While diving or snorkeling on a Hawaiian reef one may see what looks like a bright-red, four-inch-wide rose growing on the bare lava rocks. This unusual creature has petals just like a rose, and it undulates in the current, looking like a rose in your garden during a strong trade wind. As a marine biologist I often get asked by people after a snorkel, “what is that beautiful red rose doing out on the black lava reef?”
The red reef rose is actually the eggs of a Spanish dancer nudibranch which is a very-colorful sea slug. Nudibranchs lay hundreds of thousands of tiny eegs that are all stuck together in a soft, gelatinous material in circular rows that look just like rose petals. If you look close you can see each small egg. Since the entire egg cluster is soft, it undulates in the current, looking much like a rose blowing in the wind.
It takes about three weeks for the baby nudibranchs to hatch and swim away as tiny larvae that drift in the currents until they are large enough to settle onto the reef and grow into the stunning, bright-red nudibranch. Nudibranchs get their name from the words “nude gills” because their gills are feathery-looking structures that protrude outwards from the top of the sea slugs body versus having gills within their heads, like most fish species.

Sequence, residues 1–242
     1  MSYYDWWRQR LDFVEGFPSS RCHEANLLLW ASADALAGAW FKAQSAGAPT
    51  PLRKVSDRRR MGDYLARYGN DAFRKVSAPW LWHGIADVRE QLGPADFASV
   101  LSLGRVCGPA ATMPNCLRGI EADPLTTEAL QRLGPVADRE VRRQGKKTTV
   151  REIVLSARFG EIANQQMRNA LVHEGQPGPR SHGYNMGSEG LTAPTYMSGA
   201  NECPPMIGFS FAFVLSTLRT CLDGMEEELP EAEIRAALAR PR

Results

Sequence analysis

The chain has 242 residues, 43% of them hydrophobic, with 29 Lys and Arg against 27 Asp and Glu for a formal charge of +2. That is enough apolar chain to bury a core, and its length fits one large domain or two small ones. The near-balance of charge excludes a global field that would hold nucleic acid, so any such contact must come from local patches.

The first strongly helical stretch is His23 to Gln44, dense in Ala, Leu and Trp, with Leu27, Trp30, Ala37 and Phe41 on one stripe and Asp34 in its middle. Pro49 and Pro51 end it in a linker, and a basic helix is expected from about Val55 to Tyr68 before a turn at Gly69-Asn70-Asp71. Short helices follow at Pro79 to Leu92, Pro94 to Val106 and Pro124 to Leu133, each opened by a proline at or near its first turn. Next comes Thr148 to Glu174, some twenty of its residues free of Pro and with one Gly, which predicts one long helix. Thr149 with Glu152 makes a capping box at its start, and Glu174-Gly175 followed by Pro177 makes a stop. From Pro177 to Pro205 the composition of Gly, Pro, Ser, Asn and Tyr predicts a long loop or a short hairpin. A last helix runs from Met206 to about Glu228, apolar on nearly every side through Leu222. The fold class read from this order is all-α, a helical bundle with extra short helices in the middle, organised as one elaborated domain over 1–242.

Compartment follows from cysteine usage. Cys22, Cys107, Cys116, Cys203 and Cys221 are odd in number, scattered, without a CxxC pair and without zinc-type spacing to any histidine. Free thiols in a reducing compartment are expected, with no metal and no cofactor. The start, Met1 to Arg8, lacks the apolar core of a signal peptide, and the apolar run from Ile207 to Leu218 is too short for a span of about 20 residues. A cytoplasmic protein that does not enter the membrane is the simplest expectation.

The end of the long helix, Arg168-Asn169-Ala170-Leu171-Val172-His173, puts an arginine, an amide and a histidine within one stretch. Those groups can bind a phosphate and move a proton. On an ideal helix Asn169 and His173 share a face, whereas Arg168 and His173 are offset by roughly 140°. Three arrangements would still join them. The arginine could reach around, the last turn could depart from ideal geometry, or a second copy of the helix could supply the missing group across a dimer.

When you are diving and you look into a dark cave with your bright dive lights and see these bright-red, rose-like eggs sacks attached to the reef, it is quite a stunning sight. It seems like every predator from the octopus, sea stars and sea urchins would eat the nutritious eggs, but they are almost always left alone. We know that the nudibranchs have a toxin in their skin that keeps them from being eaten, and the egg sacs more than likely contain the same toxins.
Different species of nudibranchs lay different-colored egg clusters. Some are pure white, bright yellow or pink. You can tell by the color of the eggs which species of nudibranch laid them. Diving in California where there are more nudibranch species then there are here in Hawai‘i, I have seen several different-colored nudibranch egg clusters on a single rick, and it really does look like an underwater rose garden.
You can see the beautiful Spanish dancer nudibranch and their colorful eggs on the underwater educational web page, underwater2web.com in the movie “The World’s Guide To Hawaiian Reef Creatures,” and also follow the marine-life Instagram post at terry.lilley.
Terry Lilley, a marine biologist, lives in Hanalei. His websites include underwater-2web.com and www.gofundme.com/5urrm4zw.